Any employee in the state of Colorado who has experienced being discriminated at work may be eligible to file a claim for compensation against their employer.
Workplace discrimination in Colorado is illegal, either for employees or applicants for a job if the individual is a member of a protected class. Protected classes include membership of a religion, race, gender, disability, ethnicity or age over 40 years.
Federal employment workplace discrimination laws apply to employers that have 15 or more employees, and 20 or more when it comes to age discrimination. There is no minimum number of employees required for Colorado claims of workplace discrimination based on race or ethnicity.
What kind of discrimination laws are in place in Colorado?
Colorado has what is called the Colorado Fair Employment Practices Act, which makes it illegal for an employer to conduct workplace discrimination based on the following categories: race, religion, color, creed, ancestry, national origin, sex, age, sexual orientation, and mental or physical disability.
The statute covers workplace discrimination for businesses which employ less than 15 employees. It allows victims in a workplace discrimination claim to be awarded both economic, non-economic, punitive damages and attorney’s fees from employers.
Who is protected by federal and state laws in Colorado?
The federal laws that protect employees from discrimination are based on race, disability, age, sex, gender and religion which are called protected classes.
The Colorado Fair Employment Practices Act makes it illegal for an employer to discriminate in the workplace based on the employee’s race, religion, color, sex, creed, age, national origin, ancestry, sexual orientation, and mental or physical disability.
What employers are covered by discrimination laws in Colorado?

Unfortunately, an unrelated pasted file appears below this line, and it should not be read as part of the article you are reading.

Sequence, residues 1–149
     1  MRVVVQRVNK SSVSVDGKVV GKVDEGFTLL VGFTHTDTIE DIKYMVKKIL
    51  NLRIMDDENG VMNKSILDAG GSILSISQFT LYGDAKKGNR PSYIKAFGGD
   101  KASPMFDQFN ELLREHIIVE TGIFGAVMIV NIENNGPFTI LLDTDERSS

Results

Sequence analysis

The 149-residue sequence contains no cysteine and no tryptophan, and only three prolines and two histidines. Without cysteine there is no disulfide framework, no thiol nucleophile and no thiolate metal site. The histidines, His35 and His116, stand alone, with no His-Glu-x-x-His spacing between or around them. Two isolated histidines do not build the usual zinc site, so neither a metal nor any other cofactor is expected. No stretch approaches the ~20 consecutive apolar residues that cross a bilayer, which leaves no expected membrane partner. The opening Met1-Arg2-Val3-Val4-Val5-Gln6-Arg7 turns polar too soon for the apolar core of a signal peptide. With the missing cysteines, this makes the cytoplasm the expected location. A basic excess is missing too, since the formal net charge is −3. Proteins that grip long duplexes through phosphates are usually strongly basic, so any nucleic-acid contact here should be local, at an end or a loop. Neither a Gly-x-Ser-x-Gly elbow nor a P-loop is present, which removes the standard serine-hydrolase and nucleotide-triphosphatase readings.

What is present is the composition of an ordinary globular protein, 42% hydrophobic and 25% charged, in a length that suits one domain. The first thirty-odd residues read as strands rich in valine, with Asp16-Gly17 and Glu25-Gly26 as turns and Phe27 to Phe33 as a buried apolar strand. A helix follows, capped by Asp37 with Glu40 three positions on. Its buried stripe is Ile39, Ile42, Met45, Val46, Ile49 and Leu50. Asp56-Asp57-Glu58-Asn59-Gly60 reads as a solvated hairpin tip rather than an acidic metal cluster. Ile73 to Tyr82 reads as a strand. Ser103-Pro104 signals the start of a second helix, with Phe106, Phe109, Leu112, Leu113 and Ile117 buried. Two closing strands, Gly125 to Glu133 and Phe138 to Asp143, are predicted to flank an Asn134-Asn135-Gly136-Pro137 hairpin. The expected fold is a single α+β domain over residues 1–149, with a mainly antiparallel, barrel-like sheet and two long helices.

Some of the federal anti-discrimination laws that affect Colorado employers are:
- The Age Discrimination in Employment Act (ADEA) prohibits employment discrimination for workers aged 40 years or older. The coverage of the ADEA is similar to Title VII except that a private employer needs 20 employees to be covered.
- The Americans with Disabilities Act (ADA) prohibits disability discrimination in public services and accommodations.
- 42 U.S.C. section 1981 federal law which prohibits race discrimination in all contracts, which not only includes employment but also all other types of contracts as well.
- Title VII of the federal Civil Rights Act of 1964 prohibits employment discrimination due to an employee’s or job applicant’s race, color, sex, religion or national origin. This law is applicable to both public employers and private employers who employ at least 15 employees, employment agencies, apprenticeship programs and unions.
The Colorado workplace discrimination statute covers smaller workplaces where employers have a workforce of between 1 and 14 employees. The EEOC enforces federal law, which is applicable to employers with 15 or more employees or 20 when it comes to age discrimination.
Which Colorado agencies regulate these laws?
The Colorado state administrative agency is called the Colorado Civil Rights Division (CCRD) which is responsible for solving cases of state workplace discrimination.
How do I file a discrimination claim in Colorado?
A discrimination claim may be filed either with the state administrative agency, the Colorado Civil Rights Division (CCRD), or with the federal administrative agency, the Equal Employment Opportunity Commission (EEOC).
These two agencies operate a work-share agreement so that the two agencies cooperate with each other when processing workplace discrimination claims in Colorado.
It is not a requirement to file a claim with both agencies as long as the claimant requests that there is cross-filing of the claim with the other agency. Some Colorado employment lawyers suggest filing a claim with the CCRD first for any workplace discrimination claims as there are several CCRD offices in the state so claims are processes much faster.
How long do I have to file an employment discrimination claim in Colorado?
Under state law, you need to file a claim with the CCRD (or cross-file with the EEOC) within 180 days of the workplace discrimination taking place. Under federal law, you need to file a claim with the EEOC, or cross-file with the CCRD, within 300 days from the date of the workplace discrimination.
How do I get help filing an employment discrimination claim in Colorado?
If you have not been successful with filing the workplace discrimination claim with either the CCRD or the EEOC you should seek help from an employment lawyer who will file a workplace discrimination claim in court against your employer.
You will need to provide your lawyer with sufficient evidence that proves you have suffered workplace discrimination. Fill out a free case evaluation today.
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